You are on page 1of 23

Books by Connilyn Cossette

Out from Egypt


Counted With the Stars
Shadow of the Storm

_Cossette_ShadowOfTheStorm_JV_djm.indd 2

7/13/16 2:20 PM

OUT FROM EGY PT2

S h a dow
S tor m
of the

Connilyn Cossette

5
_Cossette_ShadowOfTheStorm_JV_djm.indd 3

7/13/16 2:20 PM

on-

2016 by Connilyn Cossette


Published by Bethany House Publishers
11400 Hampshire Avenue South
Bloomington, Minnesota 55438
www.bethanyhouse.com
Bethany House Publishers is a division of
Baker Publishing Group, Grand Rapids, Michigan
Printed in the United States of America
All rights reserved. No part of this publication may be reproduced, stored in a retrieval
system, or transmitted in any form or by any meansfor example, electronic, photocopy, recordingwithout the prior written permission of the publisher. The only
exception is brief quotations in printed reviews.
Library of Congress Control Number: 2016938454
ISBN 978-0-7642-1821-7
This is a work of fiction. Names, characters, and incidents are products of the authors
imagination and are not to be construed as real. Any resemblance to actual events or
persons, living or dead, is entirely coincidental.
Cover design by Jennifer Parker
Author is represented by The Steve Laube Agency.
161718192021227654321

_Cossette_ShadowOfTheStorm_JV_djm.indd 4

7/13/16 2:20 PM

To my beautiful and faithful mother


Her wisdom teaches me
Her prayers surround me
Her love embraces me
Her heart hears me
Her friendship encourages me
Her strength inspires me.
Although I may not have been born of her body,
I am grateful to be a child of her heart.

_Cossette_ShadowOfTheStorm_JV_djm.indd 5

7/13/16 2:20 PM

When the people saw that Moses delayed to come down from the
mountain, the people gathered themselves together to Aaron and
said to him, Up, make us gods who shall go before us. As for this
Moses, the man who brought us up out of the land of Egypt, we
do not know what has become of him.... So all the people took
off the rings of gold that were in their ears and brought them to
Aaron. And he received the gold from their hand and fashioned it
with a graving tool and made a golden calf. And they said, These
are your gods, O Israel, who brought you out of the land of Egypt!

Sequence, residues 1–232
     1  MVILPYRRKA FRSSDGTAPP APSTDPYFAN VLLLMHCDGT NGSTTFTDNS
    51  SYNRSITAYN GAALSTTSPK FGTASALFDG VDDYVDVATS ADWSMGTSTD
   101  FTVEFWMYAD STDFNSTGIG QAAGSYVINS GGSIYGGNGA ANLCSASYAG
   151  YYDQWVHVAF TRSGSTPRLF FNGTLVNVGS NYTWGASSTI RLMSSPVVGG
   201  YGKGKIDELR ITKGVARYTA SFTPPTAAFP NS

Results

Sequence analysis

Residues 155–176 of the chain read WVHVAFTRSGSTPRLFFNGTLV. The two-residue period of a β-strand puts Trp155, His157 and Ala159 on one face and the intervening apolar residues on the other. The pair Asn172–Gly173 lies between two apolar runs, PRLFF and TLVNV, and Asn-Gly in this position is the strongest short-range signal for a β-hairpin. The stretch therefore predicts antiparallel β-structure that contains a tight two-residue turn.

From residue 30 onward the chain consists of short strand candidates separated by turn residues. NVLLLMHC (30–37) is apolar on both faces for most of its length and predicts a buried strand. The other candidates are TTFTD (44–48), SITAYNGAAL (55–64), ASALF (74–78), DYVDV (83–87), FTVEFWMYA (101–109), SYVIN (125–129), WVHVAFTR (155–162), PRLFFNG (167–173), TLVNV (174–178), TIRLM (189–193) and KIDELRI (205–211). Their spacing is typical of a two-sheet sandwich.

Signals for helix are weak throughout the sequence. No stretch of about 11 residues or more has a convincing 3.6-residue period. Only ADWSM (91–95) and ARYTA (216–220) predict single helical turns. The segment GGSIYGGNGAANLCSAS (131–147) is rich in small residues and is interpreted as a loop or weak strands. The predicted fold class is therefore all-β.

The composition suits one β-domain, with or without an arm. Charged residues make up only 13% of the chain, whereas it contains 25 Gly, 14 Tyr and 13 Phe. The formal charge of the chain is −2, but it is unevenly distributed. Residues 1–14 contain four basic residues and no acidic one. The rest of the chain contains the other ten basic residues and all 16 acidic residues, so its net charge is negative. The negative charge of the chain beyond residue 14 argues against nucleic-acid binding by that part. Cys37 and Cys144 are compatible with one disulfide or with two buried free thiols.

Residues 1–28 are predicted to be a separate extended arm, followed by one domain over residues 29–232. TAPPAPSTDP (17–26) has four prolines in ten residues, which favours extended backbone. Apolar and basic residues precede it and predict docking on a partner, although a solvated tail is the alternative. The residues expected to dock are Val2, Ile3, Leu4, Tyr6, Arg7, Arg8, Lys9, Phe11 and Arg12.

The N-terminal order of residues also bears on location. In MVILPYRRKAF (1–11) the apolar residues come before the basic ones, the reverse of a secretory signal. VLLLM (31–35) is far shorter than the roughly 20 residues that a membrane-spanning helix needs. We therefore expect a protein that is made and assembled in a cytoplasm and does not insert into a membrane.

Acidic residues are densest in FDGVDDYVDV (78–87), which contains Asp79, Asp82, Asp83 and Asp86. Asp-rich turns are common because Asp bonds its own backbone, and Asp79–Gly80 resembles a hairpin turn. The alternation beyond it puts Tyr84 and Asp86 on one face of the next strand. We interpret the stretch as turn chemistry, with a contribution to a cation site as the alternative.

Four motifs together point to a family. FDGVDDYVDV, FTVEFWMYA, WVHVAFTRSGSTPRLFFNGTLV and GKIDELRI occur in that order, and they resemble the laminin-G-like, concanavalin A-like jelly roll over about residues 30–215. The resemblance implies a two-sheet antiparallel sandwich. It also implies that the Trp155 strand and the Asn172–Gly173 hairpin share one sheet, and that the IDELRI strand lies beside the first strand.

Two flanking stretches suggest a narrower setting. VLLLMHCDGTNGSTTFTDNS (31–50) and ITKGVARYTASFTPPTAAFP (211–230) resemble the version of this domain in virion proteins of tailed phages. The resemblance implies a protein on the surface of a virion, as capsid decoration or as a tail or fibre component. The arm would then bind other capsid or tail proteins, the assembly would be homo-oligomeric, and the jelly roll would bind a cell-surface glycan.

Exodus 32:1, 34 esv

_Cossette_ShadowOfTheStorm_JV_djm.indd 6

7/13/16 2:20 PM

1
Shira
17 Tammuz
4th Month Out from Egypt

ild drumbeats rumbled through the ground like distant thunder, pulsing in defiant rhythms and vibrating the hollows of my chest. My fingertips echoed
the beat against my knee until a glare from my mother across
the tent stilled their dance.
Shira, finish your work. Her bone needle resumed its skillful motion as she bent her head to peer at her embroidery. The
dim oil lamp highlighted the silvery strands that seemed to
thread her dark hair more each daya trend that had begun a
few years ago, when my father died against an Egyptian whipping post.
I plucked at the black goats wool in my lap, picking out
thorny burrs, specks, and shards of leaves. The fibers snagged
7

_Cossette_ShadowOfTheStorm_JV_djm.indd 7

7/13/16 2:20 PM

Shadow of the Storm

against my thirsty palms. Unable to latch my attention on the


tedious chore, I had been cleaning the same batch for most of
the afternoon while my mind wandered up the rugged mountain path that Mosheh, our leader, had climbed forty days ago.
I imagined myself standing in his place, leaning on his staff
and gazing out over the vast army of tents that flooded the
valley floor, surveying the multitude he had led out of Egypt.
Countless Hebrews camped here alongside a large number of
gerimEgyptians and other foreignersall reveling in these
last three months of freedom since the sea had swallowed
Pharaohs army.
As soon as Mosheh had vanished into the swirling storm
that hovered over the summit, rumors began to multiply like
flies on a rotting melon. Would he still lead us to Canaan, the
land promised to our forefathers? Or had he slipped over the
back side of the mountain range to flee south toward Midian?
Was the old man even alive? Doubts buzzed around in my own
mind, but I swatted them away with a shake of my head. Mosheh
would return. He must.
Yet the golden idol standing on a group of boulders near the
center of camp argued against my assertion. Aharon, Moshehs
own brother, had been swayed by those who insisted Mosheh
was dead and allowed the bull-calf to be lifted upa blatant
disregard for the new laws spoken by Yahweh himself from the
center of the fiery Cloud atop the mountain.
From her cross-legged position across the tent, Kiya gestured
for my attention with a surreptitious tilt of her head and a
darting glance at my mother. My Egyptian friend dared not
cross the unspoken order for silence from the woman whose
son she would soon marry, but her honey-gold eyes begged me
to disobey in her place. The man she loved, my brother Eben,
and her own brother, Jumoboth heavily armedhad been
gone for hours at the command of the Levite elders.
8

_Cossette_ShadowOfTheStorm_JV_djm.indd 8

7/13/16 2:20 PM

Connilyn Cossette

Compelled by her wordless plea and my own curiosity, I


chanced a question. What is happening out there, Ima?
Although the cadence of her needle faltered, my mother
shook her head without looking up. Nothing good.
Must we stay inside all day? I waved a useless hand in front
of my overheated face. Perhaps we could roll up a wall? Let
in some air?
Shoshana and Zayna, my two little sisters, lent their pleas to
mine, begging our mother to let them play outside.
No, said my mother, her tone brooking no argument. You
both will stay inside. The elders said to remain out of sight until
this foolishness is over. She gestured for the girls to continue
cleaning the mound of wool that sat between them on the rug.
My mothers talent for weaving ensured that our temporary